Playoff beards. Dropping the flippers. Right skate first. Warm up tunes. Post game snacks and rehydration. Chirping the other team's goalie. Superstitions. Early morning practices. Freezing in the stands or on the bench. Riding the pine. Arena burgers. Going end to end. Road trips!!!
If you have played, watched or coached hockey, I'm sure you know what I mean. How does it get better than hockey? I can really remember the last 35 years of my life. I've been involved with hockey for each of those years. I've been concussed, elated, suspended, protected, selected, responsible, irresponsible. I've been a leader, a prospect, washed up, a coach, a teacher, a parent and a diehard fan. I've spilled buckets of blood and tankers of sweat. Hockey paid for my university education, but it still cost my parents thousands of dollars. It is full of paradoxes but it is oh, so perfect in so many ways.
With the possible exception of my family and fishing, nothing gets me more excited than hockey. The speed, the violence and the skill of the game set it apart from every other sport. Skating is not natural for the vast majority of people in the world. Anyone can throw, hit, or kick a ball. Very few can execute a pivot from forwards to backwards, throw a head fake and crank a tight turn on skates. Even fewer can pull off a toe drag at top speed, freeze the d-man and snap it over the goalie's shoulder. Fewer still can stack the pads, flash leather for a glove save and stretch a butterfly while doing the splits. Hockey is special. It is Canada's little secret that only a few people around the world really understand. Hockey is to sport what The Tragically Hip is to music.
I spent the past weekend watching the western Canadian Junior B hockey championship tournament, the Keystone Cup. The host team, the Sherwood Park Knights, is a team I captained and coached. I have many great memories associated with hockey and so many of them involve the Knights. As a good friend of mine pointed out, the young men who play for the Knights have no illusions. They understand what every kid who dreams of playing in the NHL eventually understands. Very few are selected and even fewer make a living in this game. When you play Junior B, you stop playing for yourself and your parents and really start playing for the guys beside you in the dressing room. You play to be around the game and hang out with the team. If you work hard enough, you get a chance to win your league, play in provincials or, if you are really fortunate, play for an even bigger prize like the Keystone Cup.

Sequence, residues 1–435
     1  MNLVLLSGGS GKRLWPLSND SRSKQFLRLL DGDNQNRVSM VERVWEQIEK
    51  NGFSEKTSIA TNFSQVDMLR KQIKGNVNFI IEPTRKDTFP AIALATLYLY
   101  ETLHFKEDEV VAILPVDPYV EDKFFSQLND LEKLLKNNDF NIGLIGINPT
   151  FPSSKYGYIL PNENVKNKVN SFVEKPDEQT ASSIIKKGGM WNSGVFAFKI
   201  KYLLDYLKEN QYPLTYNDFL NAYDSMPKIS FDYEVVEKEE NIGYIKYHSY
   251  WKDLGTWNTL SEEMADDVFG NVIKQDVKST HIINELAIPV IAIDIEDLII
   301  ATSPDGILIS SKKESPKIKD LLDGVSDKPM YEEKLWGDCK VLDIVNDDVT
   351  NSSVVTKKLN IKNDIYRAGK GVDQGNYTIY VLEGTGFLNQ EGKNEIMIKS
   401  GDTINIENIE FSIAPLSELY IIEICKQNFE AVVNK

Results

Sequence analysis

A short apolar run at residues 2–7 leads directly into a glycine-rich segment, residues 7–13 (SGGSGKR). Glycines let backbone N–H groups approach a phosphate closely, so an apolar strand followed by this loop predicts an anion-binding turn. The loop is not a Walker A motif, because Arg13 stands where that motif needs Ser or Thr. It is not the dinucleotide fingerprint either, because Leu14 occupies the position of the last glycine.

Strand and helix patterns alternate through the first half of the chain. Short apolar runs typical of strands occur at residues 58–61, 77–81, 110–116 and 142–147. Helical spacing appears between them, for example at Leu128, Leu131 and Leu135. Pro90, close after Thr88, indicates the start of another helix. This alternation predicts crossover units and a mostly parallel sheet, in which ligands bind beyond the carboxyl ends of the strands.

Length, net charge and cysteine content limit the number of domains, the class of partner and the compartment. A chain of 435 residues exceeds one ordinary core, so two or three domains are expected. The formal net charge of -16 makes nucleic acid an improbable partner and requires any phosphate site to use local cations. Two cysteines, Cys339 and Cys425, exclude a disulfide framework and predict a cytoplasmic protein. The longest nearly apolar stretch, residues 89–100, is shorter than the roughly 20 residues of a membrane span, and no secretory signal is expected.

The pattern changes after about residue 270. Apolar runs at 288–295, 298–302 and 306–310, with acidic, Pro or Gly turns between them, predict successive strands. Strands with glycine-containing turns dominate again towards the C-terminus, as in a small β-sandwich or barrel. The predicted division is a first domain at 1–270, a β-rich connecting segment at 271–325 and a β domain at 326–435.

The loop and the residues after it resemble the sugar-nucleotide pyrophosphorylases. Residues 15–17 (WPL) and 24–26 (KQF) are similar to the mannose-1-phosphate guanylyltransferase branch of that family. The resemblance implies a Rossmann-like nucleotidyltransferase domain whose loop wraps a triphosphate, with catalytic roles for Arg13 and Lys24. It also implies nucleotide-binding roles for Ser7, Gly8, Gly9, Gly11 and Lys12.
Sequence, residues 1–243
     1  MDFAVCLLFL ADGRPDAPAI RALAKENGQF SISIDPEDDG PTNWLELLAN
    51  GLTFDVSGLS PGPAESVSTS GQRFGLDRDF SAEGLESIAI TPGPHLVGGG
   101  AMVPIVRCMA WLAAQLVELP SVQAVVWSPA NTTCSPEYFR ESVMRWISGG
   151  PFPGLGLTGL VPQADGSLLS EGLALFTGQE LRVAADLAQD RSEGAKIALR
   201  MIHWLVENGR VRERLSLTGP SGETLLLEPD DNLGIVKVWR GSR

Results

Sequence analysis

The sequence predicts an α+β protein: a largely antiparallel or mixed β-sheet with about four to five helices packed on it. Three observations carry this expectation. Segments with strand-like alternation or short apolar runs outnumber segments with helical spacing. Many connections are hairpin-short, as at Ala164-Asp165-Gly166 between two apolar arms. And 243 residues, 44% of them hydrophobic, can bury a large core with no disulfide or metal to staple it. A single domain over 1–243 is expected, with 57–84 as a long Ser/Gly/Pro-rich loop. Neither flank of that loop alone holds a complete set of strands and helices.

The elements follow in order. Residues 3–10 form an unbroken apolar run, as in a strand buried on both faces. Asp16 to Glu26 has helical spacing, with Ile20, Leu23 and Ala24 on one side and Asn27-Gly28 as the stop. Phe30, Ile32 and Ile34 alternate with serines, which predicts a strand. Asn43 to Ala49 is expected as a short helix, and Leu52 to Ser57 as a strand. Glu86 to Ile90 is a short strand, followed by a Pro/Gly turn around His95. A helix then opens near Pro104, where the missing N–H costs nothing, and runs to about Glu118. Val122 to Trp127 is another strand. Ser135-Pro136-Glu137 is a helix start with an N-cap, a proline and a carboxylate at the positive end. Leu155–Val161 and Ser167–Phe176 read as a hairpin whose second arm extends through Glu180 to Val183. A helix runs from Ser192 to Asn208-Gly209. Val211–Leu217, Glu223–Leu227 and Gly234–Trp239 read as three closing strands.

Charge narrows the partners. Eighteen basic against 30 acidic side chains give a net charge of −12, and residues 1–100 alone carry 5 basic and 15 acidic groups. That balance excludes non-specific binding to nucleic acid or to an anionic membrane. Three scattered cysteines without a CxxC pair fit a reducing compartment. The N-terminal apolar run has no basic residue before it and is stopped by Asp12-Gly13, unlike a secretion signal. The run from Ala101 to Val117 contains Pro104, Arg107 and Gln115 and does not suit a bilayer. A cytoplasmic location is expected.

On Saturday, I volunteered and worked security for the tournament, which meant that I spent my entire day in the Sherwood Park Arena. I watched 5 games between 6 different teams. What struck me was that, no matter where the team was from, the differences were minimal. The language, the energy, the intensity, the look, even the smell of each team was incredibly similar. The players, coaches, fans and volunteers for each team were passionate about hockey. They grew up playing the game and they all knew that this tournament was, for the majority of the players, their last chance to win something big.
My nephew played for the host team like his dad and his uncle. The Knights proved they belonged in the tournament and made it to the gold medal game. The arena was packed and the energy was unbelievable. The host team scored the first goal, but was not able to hold on to the lead. They hit posts, crossbars, and had many chances to even the score. When the buzzer sounded to end the game, the cheers of the winning team were drowned out by the sound of hearts breaking throughout the arena.
When I got to my truck after the game, tears poured out of me like I was attending a memorial service. They weren't tears of sadness, though. They were tears of fierce pride.I was proud that two Alberta teams played in the championship game. I was proud to be a former coach and player. I was proud of the host team and the organizing committee for creating a first class tournament. I was intensely proud of my nephew and his teammates because I have watched many of them play since they took their first uncertain steps on skates. The Knights left nothing in the dressing room and poured their hearts into the game.
More than anything, though, I was proud to know that I am a hockey player. A hockey parent. A hockey coach. A hockey fan. Hockey makes me shout at the television, jump in the air, wake up at 5:30 on a weekend and occupies a great deal of my waking hours regardless of the season. It's the greatest game around and it's a huge part of who I am.